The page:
How much blame for the low fertility of developed nations can be placed on the disappearance of the geographically convenient extended family? In all the debates about below-replacement TFR I’ve read, this angle is criminally under-explored.
Maybe it’s not just high housing costs (read: high diversity costs) that are the culprit of low TFR; maybe a primary driver of reduced family size and childlessness is the expense of out-sourcing extended family care to unrelated third parties (corporations, daycare, nannies, etc).
If grandparents and aunts and uncles and cousins significantly contribute to easing the financial and emotional costs of having children, then their geographic dispersal and separation from any family connections would have a big impact on the willingness of young couples to take on child-rearing.
Globalism and its consequences (free movement of labor, job insecurity, fleeing from diversity) provides incentives to spread out geographically and away from the family “home base”. A low TFR decreases the number of extended family members with each generation, until even extended families that remain local don’t have enough members to assist young parents with the quasi-communal child-rearing.
The Abridged Family
C. Wright Mills can help us to understand why this has happened. Emphases mine:
On the one hand, those who share this feeling about big historical events assume that there is an elite and that its power is great. On the other hand, those who listen carefully to the reports of men apparently involved in the great decisions often do not believe that there is an elite whose powers are of decisive consequence.
Both views must be taken into account, but neither is adequate. The way to understand the power of the American elite lies neither solely in recognizing the historic scale of events nor in accepting the personal awareness reported by men of apparent decision. Behind such men and behind the events of history, linking the two, are the major institutions of modern society. These hierarchies of state and corporation and army constitute the means of power; as such they are now of a consequence not before equaled in human history—and at their summits, there are now those command posts of modern society which offer us the sociological key to an understanding of the role of the higher circles in America.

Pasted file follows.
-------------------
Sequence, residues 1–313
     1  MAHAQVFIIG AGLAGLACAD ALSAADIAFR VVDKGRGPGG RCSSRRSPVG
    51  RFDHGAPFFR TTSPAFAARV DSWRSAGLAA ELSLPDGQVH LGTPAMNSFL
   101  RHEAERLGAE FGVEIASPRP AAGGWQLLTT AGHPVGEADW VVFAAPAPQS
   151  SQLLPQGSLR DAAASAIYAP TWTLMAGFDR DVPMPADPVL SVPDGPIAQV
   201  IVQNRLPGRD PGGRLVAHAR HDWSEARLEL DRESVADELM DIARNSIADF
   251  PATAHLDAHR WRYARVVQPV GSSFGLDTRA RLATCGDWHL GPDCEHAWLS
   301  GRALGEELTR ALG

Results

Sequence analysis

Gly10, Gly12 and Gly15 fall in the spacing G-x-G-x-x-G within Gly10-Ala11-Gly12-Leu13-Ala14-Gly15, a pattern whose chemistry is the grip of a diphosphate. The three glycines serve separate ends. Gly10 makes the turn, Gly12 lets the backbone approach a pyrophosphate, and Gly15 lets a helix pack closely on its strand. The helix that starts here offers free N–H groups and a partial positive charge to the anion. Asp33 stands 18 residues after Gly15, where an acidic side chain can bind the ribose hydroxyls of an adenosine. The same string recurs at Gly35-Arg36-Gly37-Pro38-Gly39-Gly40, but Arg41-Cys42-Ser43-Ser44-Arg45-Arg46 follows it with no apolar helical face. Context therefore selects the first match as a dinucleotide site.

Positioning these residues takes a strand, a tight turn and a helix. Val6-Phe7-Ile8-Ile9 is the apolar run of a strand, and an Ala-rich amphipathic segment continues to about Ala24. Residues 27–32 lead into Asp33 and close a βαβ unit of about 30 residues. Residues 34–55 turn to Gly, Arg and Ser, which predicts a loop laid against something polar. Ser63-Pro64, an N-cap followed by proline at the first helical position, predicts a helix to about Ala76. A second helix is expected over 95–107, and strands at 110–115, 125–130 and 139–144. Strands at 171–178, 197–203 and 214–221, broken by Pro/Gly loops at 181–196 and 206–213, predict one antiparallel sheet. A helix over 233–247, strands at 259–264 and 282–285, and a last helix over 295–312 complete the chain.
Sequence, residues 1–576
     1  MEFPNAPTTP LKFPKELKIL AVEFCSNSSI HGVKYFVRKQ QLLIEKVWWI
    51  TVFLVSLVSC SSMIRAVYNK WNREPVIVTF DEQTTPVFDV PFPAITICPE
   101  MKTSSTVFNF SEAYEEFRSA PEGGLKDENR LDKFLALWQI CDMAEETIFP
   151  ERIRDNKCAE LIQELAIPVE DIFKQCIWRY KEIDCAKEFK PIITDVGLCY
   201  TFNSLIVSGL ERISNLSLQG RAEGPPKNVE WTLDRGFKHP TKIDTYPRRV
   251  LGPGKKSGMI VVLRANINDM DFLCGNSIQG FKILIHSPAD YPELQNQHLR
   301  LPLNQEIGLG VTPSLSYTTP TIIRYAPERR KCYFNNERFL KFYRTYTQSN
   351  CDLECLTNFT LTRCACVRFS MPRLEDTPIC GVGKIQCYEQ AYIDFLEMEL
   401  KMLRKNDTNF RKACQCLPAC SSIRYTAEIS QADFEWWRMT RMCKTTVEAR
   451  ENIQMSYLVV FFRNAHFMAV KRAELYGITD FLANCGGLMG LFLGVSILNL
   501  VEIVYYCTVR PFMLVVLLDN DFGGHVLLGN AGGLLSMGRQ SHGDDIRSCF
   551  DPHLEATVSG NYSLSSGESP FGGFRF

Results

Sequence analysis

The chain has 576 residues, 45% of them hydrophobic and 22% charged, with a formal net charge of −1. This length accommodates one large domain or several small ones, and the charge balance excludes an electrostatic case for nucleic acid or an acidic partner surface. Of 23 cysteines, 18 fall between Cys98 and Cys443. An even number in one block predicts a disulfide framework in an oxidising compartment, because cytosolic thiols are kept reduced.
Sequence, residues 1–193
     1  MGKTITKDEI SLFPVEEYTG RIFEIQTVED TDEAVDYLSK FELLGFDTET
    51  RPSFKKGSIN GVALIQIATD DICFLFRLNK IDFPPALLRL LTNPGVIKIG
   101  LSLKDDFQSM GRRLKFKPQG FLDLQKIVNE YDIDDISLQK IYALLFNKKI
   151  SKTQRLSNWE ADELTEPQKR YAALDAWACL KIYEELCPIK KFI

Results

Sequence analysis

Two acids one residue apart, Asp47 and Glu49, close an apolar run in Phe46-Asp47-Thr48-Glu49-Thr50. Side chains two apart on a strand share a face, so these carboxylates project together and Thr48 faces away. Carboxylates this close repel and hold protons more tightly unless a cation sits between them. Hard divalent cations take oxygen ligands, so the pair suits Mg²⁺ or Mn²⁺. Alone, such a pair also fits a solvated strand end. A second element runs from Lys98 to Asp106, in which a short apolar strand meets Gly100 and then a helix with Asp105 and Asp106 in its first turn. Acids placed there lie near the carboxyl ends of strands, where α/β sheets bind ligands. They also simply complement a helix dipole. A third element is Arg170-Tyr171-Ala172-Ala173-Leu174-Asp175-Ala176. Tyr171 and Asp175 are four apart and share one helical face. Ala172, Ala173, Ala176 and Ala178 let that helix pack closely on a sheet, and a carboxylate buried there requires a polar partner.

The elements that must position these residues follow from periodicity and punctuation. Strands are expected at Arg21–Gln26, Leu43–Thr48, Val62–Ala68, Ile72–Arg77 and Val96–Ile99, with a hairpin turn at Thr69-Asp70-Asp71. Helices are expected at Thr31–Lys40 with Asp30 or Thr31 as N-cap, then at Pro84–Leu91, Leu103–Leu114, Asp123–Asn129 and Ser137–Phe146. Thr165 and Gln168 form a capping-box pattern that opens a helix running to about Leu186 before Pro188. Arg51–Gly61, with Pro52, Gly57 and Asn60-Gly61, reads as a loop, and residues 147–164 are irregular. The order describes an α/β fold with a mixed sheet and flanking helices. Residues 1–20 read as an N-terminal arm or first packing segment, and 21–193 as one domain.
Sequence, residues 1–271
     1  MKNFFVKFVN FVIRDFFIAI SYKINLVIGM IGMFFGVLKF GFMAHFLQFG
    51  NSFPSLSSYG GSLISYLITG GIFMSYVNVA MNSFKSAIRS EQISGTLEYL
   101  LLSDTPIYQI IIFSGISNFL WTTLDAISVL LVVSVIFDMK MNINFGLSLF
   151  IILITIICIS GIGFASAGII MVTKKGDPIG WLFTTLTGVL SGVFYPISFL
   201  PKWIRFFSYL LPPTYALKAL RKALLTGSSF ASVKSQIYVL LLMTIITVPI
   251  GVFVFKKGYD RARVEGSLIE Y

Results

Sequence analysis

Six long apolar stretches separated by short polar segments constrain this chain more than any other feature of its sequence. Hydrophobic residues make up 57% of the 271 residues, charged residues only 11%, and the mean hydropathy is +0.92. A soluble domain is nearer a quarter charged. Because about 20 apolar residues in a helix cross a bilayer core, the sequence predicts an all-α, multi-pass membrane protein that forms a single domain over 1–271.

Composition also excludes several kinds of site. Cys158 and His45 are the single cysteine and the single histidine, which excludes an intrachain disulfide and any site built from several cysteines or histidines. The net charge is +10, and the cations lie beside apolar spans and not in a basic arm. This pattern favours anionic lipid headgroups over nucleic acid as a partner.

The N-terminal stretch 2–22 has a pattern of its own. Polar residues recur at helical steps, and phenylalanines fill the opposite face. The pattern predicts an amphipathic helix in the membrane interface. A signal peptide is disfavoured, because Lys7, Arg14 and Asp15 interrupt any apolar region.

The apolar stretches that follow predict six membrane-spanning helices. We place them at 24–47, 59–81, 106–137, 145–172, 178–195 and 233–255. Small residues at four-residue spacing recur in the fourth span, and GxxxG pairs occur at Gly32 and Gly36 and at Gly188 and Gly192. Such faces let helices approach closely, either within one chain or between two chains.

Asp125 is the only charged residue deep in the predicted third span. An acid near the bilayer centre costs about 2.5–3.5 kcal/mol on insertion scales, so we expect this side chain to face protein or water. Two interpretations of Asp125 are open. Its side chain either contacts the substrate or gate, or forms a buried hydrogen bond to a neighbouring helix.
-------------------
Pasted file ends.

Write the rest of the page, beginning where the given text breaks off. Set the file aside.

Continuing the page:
Within American society, major national power now resides in the economic, the political, and the military domains. Other institutions seem off to the side of modern history, and, on occasion, duly subordinated to these. No family is as directly powerful in national affairs as any major corporation; no church is as directly powerful in the external biographies of young men in America today as the military establishment; no college is as powerful in the shaping of momentous events as the National Security Council.
Mills, C. Wright. The Power Elite (p. 5-7). Oxford University Press. Kindle Edition.
This needs to be slightly updated, but the principle holds. I hope you will forgive Mills for having written this in 1959.
Religious, educational, and family institutions are not autonomous centers of national power; on the contrary, these decentralized areas are increasingly shaped by the big three, in which developments of decisive and immediate consequence now occur.
Families and churches and schools adapt to modern life; governments and armies and corporations shape it; and, as they do so, they turn these lesser institutions into means for their ends. Religious institutions provide chaplains to the armed forces where they are used as a means of increasing the effectiveness of its morale to kill. Schools select and train men for their jobs in corporations and their specialized tasks in the armed forces. The extended family has, of course, long been broken up by the industrial revolution, and now the son and the father are removed from the family, by compulsion if need be, whenever the army of the state sends out the call. And the symbols of all these lesser institutions are used to legitimate the power and the decisions of the big three.
The life-fate of the modern individual depends not only upon the family into which he was born or which he enters by marriage, but increasingly upon the corporation in which he spends the most alert hours of his best years; not only upon the school where he is educated as a child and adolescent, but also upon the state which touches him throughout his life; not only upon the church in which on occasion he hears the word of God, but also upon the army in which he is disciplined. If the centralized state could not rely upon the inculcation of nationalist loyalties in public and private schools, its leaders would promptly seek to modify the decentralized educational system. If the bankruptcy rate among the top five hundred corporations were as high as the general divorce rate among the thirty-seven million married couples, there would be economic catastrophe on an international scale. If members of armies gave to them no more of their lives than do believers to the churches to which they belong, there would be a military crisis.
Humans can be very adaptive, but it’s not always a good thing.